Apple’s MacBook Family Will Not Be Seeing Intel Kaby Lake Processors Till 2017
Intel has started shipping out its latest 7th generation Kaby Lake series of processors and despite the fact that Apple’s MacBook 2016 family is going to be announced later in the year, it is highly possible that they will not receive the upgrade.
Apple’s Upcoming MacBook 2016 Family Will Continue To Be Powered By Skylake – 2017 Lineup To Be Armed With Kaby Lake
Despite the fact that both Skylake and Kaby Lake are manufactured on the same 14nm node, the slightly improved architecture of the latter suggests that better efficiency and performance per watt is expected from notebooks that are powered by these future chips. On the other hand, perhaps Apple chose to incorporate Intel’s Skylake family inside its MacBook 2016 lineup is because the processor manufacturer offered a better deal to the Cupertino tech giant.
At this point, we can’t really tell the performance and efficiency metric differences between Skylake and Kaby Lake, but we’ll sure get to know about this in the end. Coming to the Skylake processor lineup, we feel that the one of the three going to power the 15.4-inch variant of the MacBook Pro 2016:
- Core i7-6770HQ: A 2.6GHz quad-core processor
- Core i7-6870HQ: A 2.7GHz quad-core processor
- Core i7-6970HQ: A 2.8GHz quad-core processor
The upcoming MacBook Pro models are expected to be the first ones in the entire family to provide support for Touch ID and a new OLED display touch bar that is going to be above the keyboard. Coming straight to the OLED display touch bar, it will replace the physical function keys along the top of the keyboard, while the design will adopt new metal injection molded hinges as reported earlier this year. In addition to being incorporated with Type-C USB ports, Thunderbolt 3 are also going to be a part of the configuration for the MacBook Pro 2016 lineup.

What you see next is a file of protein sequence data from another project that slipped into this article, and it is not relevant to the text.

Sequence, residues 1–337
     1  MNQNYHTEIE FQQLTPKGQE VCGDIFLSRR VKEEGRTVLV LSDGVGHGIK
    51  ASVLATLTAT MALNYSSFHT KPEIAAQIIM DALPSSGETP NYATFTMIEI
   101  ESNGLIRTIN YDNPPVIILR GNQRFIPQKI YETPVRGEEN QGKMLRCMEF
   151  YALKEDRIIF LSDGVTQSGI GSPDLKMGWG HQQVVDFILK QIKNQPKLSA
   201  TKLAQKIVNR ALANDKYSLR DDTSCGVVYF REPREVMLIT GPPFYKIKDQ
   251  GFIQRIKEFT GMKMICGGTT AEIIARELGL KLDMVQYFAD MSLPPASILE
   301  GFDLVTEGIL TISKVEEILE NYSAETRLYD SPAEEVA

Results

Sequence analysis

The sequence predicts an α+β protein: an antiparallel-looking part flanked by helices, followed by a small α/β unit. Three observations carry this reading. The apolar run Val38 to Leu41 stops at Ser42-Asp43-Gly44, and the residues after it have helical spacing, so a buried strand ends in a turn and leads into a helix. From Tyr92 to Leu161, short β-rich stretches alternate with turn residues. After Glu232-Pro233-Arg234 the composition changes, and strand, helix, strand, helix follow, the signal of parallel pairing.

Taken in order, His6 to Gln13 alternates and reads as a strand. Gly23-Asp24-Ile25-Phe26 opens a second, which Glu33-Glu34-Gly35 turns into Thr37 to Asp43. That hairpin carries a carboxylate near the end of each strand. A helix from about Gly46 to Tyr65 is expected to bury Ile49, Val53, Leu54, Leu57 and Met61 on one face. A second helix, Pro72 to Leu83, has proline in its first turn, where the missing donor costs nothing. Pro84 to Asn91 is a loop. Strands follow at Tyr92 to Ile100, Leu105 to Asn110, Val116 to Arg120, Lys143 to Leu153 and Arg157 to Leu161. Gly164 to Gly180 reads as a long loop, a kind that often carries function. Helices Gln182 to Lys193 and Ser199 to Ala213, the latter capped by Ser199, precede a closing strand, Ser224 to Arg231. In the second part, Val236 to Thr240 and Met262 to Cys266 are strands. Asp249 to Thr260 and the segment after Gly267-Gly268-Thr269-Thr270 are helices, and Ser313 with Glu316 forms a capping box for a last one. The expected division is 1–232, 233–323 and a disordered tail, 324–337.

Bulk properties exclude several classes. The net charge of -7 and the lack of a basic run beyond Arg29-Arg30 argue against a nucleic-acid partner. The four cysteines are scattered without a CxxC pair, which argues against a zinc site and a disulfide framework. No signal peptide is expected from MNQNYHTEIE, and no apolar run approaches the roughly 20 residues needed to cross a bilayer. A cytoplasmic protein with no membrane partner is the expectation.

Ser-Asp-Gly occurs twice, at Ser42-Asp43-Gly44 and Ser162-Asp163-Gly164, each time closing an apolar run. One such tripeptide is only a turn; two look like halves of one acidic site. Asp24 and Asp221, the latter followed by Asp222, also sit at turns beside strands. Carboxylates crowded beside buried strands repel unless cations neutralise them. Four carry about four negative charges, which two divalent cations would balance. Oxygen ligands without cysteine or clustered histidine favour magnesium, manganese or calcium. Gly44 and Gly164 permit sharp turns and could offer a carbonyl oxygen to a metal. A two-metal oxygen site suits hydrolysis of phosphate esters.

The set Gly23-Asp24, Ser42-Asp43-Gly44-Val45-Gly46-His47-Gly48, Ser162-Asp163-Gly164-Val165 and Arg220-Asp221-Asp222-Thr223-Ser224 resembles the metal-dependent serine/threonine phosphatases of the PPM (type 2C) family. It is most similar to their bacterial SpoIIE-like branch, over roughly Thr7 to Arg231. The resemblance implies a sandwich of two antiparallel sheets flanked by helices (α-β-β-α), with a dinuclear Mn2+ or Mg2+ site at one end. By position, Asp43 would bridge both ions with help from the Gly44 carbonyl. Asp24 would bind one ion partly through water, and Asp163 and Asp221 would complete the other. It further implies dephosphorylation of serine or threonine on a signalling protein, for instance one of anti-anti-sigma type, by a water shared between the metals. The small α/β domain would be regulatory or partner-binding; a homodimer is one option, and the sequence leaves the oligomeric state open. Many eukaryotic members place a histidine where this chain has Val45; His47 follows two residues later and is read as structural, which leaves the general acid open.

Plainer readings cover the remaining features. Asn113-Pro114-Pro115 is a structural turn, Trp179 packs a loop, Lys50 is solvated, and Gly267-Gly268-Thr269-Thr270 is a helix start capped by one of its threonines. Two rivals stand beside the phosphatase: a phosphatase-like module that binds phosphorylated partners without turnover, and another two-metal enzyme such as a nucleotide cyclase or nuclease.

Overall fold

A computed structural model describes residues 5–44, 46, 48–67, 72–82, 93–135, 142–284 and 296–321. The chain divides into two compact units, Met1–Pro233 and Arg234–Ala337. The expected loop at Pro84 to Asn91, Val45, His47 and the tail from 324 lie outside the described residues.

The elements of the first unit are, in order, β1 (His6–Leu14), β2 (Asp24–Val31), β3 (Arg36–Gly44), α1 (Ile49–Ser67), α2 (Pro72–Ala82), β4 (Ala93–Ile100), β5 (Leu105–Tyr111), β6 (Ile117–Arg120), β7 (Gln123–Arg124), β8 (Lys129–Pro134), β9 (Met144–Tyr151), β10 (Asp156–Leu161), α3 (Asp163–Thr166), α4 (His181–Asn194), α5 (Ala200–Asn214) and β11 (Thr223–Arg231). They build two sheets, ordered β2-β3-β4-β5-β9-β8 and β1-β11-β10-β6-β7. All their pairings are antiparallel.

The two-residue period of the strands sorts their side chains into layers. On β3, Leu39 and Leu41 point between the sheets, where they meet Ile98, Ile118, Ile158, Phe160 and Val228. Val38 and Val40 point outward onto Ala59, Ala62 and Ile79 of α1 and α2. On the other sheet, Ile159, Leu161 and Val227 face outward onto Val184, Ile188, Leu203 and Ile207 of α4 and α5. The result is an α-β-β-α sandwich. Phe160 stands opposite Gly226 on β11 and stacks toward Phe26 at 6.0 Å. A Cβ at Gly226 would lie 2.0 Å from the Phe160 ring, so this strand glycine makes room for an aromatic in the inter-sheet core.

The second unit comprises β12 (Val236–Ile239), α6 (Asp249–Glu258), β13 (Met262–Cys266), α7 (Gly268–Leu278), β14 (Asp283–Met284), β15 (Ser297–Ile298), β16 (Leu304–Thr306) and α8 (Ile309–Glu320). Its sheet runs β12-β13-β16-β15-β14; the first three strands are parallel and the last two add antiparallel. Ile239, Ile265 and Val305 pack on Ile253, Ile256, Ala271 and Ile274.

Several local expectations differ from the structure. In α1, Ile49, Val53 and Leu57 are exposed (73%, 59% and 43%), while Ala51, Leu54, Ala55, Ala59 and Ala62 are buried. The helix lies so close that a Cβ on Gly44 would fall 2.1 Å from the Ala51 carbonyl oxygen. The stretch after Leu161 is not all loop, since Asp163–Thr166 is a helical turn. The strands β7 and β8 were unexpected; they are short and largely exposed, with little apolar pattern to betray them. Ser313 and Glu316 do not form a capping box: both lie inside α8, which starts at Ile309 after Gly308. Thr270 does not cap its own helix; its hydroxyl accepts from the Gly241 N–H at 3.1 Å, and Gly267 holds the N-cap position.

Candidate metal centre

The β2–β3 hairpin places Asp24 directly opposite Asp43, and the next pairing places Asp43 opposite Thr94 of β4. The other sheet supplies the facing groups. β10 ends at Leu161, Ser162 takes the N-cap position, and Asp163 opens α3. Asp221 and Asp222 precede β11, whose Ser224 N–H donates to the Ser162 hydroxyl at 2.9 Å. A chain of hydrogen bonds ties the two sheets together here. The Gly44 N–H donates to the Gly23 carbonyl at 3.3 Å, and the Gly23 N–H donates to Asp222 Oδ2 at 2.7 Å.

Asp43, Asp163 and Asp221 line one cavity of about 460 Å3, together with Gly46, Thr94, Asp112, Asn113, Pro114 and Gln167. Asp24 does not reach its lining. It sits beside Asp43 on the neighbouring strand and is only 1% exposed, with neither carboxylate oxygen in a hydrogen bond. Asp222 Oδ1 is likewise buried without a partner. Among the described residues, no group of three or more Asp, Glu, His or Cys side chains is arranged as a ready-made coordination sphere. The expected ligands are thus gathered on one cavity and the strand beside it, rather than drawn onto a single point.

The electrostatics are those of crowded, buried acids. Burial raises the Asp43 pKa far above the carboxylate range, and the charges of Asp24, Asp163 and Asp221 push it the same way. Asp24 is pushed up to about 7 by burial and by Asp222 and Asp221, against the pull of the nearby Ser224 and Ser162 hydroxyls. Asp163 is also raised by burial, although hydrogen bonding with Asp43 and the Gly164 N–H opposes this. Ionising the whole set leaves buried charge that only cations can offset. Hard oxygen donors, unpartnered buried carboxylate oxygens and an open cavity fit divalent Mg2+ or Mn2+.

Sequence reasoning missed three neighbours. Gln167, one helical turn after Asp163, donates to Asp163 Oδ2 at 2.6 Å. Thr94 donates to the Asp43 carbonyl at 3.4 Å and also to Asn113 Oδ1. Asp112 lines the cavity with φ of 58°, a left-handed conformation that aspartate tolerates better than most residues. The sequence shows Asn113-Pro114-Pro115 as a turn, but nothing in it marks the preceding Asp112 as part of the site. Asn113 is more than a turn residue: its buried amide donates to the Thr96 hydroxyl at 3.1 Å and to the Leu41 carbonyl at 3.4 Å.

In a previous report, Skylake processors will boost CPU speeds by 10 to 20 percent, and the integrated graphics chips are expected to boost performance by 16 to 41 percent. Additional info also suggests that switching to Skylake laptops could add as much 30 percent more battery life. Thanks to this upgraded performance, we expect that the resolution across these notebooks will also be increased, since these chips will easily be able to push all those pixels across the screen, and their thickness could also be reduced.
While we say this, keep in mind that Intel also released a family of Xeon mobile processors, so these chips could also end up powering the MacBook Pro lineup in the near future. The processors will definitely define the raw processing capabilities of this new lineup, but it could also mean that Apple would be forced to exponentially increase the pricing of its notebook family.
Are you disappointed by the fact that the upcoming notebook family is not going to be powered by Intel’s latest processors? Tell us your thoughts right away.